There have never been any studies on leaky gut and Hashimoto’s disease but now we have a new study on this connection. Leaky gut was something rejected by conventional medicine despite the fact that papers on leaky gut date back to the 1970s. For many years functional medicine practitioners have been testing for it and treating it which has helped many patients overcome their chronic illnesses. There are currently over 500 published scientific papers on leaky gut so there is no doubt it exists.
Before we get to the new paper, there was an interesting paper published in 2004 which looked at the gut barriers of patients with Hashimoto’s disease. The paper is entitled “Ultrastructural changes in enterocytes in subjects with Hashimoto’s thyroiditis” by Sasso et al. The authors biopsied the small intestine of patients with Hashimoto’s disease and compared the microvilli to healthy controls.
The results showed that patients with Hashimoto’s disease did in fact have structural changes in their microvilli which are the finger-like structures that line the gut barrier. Healthy microvilli are required for proper absorption of nutrients as well as preventing unwanted particles from entering the blood stream. These patients with Hashimoto’s disease had abnormal looking microvilli under the microscope compared to normal looking microvilli of the healthy controls.
The authors also performed a lactulose/mannitol test which is used to assess gut permeability. The results showed that the patients with Hashimoto’s disease had abnormal lactulose/mannitol test results indicating abnormal intestinal permeability.
Now let’s cover the new paper on leaky gut and Hashimoto’s disease entitled “Children With Hashimoto’s Thyroiditis Have Increased Intestinal Permeability: Results of a Pilot Study”.
The authors begin by discussing the connection between increased intestinal permeability (IIP) and autoimmune diseases. Zonulin is a compound that controls the tight junctions in the gut barrier which are involved in movement of nutrients in and out of the gut. The higher the zonulin levels, the more severe the increased intestinal permeability. Higher zonulin levels have also been found in patients with autoimmune disease and in those leading up to the onset of autoimmune disease.
How was the study done on Leaky Gut and Hashimoto’s Disease?
30 children and adolescents with Hashimoto’s disease and 30 age, gender, and BMI matched patients with congenital hypothyroidism.
What were the study results?
Serum zonulin levels were significantly higher in the subjects with Hashimoto’s disease compared to the control group. Free T4 levels were higher in the control group but differences in TSH levels were not statistically significant. Anti-TPO and anti-TG antibody levels were higher in those with Hashimoto’s disease as we would expect.
Higher zonulin levels correlated with higher thyroid medication dose (levothyroxine). Zonulin levels did not correlate however with anti-TPO or anti-TG antibody levels.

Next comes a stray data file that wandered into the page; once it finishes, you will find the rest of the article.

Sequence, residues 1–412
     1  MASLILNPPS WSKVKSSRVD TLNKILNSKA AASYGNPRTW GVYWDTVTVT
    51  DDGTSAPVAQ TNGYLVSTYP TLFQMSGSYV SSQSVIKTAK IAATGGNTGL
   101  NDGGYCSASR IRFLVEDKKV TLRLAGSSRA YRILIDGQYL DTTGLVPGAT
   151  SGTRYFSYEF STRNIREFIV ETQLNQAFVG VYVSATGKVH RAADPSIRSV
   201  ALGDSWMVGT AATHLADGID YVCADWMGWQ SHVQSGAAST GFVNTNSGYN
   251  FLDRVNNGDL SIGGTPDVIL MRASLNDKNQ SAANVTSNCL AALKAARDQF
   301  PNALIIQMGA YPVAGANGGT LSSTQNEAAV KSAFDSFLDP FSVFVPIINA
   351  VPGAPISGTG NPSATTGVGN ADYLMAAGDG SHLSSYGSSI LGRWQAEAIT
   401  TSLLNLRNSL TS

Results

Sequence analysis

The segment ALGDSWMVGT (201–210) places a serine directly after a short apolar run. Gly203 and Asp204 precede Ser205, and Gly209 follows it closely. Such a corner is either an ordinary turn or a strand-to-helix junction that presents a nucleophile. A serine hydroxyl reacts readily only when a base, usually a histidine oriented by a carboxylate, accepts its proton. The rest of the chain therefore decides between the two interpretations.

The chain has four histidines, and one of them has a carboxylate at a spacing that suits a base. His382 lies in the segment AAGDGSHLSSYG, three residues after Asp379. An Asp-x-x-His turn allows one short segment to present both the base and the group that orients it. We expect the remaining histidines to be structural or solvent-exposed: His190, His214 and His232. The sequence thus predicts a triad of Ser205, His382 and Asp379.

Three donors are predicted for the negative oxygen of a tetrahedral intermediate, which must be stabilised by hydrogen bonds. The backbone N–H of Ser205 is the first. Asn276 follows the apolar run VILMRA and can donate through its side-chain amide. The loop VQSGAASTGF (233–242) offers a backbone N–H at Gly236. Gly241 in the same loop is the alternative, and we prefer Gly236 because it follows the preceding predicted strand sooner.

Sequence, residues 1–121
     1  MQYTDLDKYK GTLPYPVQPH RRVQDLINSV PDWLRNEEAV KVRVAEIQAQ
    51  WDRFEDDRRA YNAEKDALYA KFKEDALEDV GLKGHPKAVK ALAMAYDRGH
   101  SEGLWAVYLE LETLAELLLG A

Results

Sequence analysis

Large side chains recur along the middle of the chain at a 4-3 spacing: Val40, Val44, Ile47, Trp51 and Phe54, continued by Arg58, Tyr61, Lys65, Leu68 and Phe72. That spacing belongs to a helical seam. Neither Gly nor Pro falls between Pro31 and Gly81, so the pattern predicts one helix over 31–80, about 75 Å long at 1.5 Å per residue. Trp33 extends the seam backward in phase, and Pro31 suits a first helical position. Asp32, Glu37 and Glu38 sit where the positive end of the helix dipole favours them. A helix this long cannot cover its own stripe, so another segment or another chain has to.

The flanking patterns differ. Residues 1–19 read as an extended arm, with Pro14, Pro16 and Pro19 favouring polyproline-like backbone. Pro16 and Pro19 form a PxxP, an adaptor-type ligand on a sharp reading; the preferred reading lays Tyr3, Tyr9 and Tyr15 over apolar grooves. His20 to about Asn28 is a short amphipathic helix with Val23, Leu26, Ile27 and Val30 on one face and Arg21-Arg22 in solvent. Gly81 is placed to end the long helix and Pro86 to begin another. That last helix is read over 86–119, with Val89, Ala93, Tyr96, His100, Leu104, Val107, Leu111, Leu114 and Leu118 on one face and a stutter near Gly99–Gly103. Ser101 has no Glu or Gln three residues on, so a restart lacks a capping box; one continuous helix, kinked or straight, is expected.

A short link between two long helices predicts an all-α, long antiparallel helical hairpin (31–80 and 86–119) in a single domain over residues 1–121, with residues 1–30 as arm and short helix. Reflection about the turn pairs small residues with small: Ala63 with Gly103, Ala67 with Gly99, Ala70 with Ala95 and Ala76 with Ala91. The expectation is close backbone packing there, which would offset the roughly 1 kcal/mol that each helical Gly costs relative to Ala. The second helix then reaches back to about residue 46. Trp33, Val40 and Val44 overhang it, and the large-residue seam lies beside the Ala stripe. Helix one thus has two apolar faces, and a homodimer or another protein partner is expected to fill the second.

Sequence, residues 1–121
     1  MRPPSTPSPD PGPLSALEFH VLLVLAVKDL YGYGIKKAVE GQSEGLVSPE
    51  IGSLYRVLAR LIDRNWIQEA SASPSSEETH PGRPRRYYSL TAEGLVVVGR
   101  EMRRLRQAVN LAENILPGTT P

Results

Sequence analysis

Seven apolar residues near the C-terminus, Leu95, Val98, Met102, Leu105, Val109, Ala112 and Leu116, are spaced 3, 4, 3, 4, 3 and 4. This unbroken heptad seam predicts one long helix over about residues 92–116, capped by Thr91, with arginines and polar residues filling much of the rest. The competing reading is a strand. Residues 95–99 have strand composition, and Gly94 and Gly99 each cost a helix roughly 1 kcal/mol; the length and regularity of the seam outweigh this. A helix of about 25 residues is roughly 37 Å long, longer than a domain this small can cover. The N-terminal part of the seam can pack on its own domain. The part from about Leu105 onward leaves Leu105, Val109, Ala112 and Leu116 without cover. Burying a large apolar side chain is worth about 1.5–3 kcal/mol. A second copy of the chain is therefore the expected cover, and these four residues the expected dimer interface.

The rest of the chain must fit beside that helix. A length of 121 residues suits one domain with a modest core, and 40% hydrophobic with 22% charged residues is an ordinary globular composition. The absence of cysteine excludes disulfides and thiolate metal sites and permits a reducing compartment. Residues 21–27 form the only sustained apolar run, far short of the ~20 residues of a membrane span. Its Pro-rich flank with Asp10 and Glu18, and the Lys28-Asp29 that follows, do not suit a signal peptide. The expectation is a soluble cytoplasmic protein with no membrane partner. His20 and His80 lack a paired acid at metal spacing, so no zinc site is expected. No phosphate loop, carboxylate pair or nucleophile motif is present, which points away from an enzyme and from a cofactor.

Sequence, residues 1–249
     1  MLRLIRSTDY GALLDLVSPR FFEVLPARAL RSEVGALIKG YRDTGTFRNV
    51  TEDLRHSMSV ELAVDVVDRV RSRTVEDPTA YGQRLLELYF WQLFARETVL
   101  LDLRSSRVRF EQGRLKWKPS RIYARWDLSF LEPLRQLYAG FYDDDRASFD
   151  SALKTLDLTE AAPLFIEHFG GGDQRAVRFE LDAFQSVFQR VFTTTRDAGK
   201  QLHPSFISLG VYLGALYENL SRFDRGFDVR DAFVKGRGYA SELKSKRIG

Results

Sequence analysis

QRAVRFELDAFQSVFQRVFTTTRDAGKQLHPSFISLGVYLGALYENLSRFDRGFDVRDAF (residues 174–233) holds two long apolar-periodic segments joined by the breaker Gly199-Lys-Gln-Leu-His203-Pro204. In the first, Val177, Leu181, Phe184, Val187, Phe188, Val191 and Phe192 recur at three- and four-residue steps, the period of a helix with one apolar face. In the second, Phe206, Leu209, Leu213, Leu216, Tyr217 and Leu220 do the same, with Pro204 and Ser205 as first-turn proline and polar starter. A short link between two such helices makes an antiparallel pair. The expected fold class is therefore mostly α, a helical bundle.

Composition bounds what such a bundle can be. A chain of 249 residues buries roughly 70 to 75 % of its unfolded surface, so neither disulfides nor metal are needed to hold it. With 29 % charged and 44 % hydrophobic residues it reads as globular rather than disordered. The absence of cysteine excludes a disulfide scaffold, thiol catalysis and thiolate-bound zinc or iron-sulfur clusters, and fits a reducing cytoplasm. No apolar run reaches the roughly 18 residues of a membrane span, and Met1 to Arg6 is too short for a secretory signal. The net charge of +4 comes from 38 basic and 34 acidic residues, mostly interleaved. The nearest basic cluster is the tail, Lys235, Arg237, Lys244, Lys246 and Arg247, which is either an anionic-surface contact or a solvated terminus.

Author Discussion and Conclusion
Increased intestinal permeability is a key component of autoimmune diseases. The tight junctions in the gut are key regulators of not only nutrient absorption but also the immune system. Increased zonulin levels are linked to aging and obesity so with our population continuing to become more obese, this may be one of the key factors in the increased incidences of autoimmune diseases.
Patients with Hashimoto’s disease need more thyroid medication based on their zonulin levels which may indicate the severity of the disease. The authors do point out that this pilot study is limited due to the small sample size and because the control group wasn’t healthy.
The authors conclude, “Higher zonulin levels in children and adolescents with Hashimoto’s thyroiditis suggested increased intestinal permeability in these patients.”
Dr. Hedberg’s Comments
Based on the research we have today, there is no doubt that leaky gut or IIP is connected to most if not all autoimmune diseases. We just need more studies on specific autoimmune diseases that are of good quality to buttress this connection. This study is an excellent start for Hashimoto’s disease but every practitioner working with Hashimoto’s patients knows their zonulin levels are usually high and they have leaky gut.
Zonulin can also be tested in stool which is how most functional medicine practitioners are testing at this time.
Is there a need to get your zonulin levels tested if you have Hashimoto’s disease? Not really. Functional medicine practitioners always put most of their focus on gut health and healing the gut barrier in patients with autoimmune disease so the test results won’t change how the patient is being treated.
I only run tests that will actually change the way I approach a patient so I don’t normally run zonulin levels unless the patient requests this data.
If you have Hashimoto’s disease, it is important to have your gut thoroughly evaluated so you can identify what may be breaking down your intestinal barrier. Many things can do this including stress, medications, food sensitivities, gluten, sugar, excessive exercise, poor sleep, dental infections, gut dysbiosis, parasites, viruses, yeast overgrowth, low stomach acid, poor diet, trauma and more.
I always find that if we prioritize gut health in my patients with Hashimoto’s disease, we get much better and much quicker results.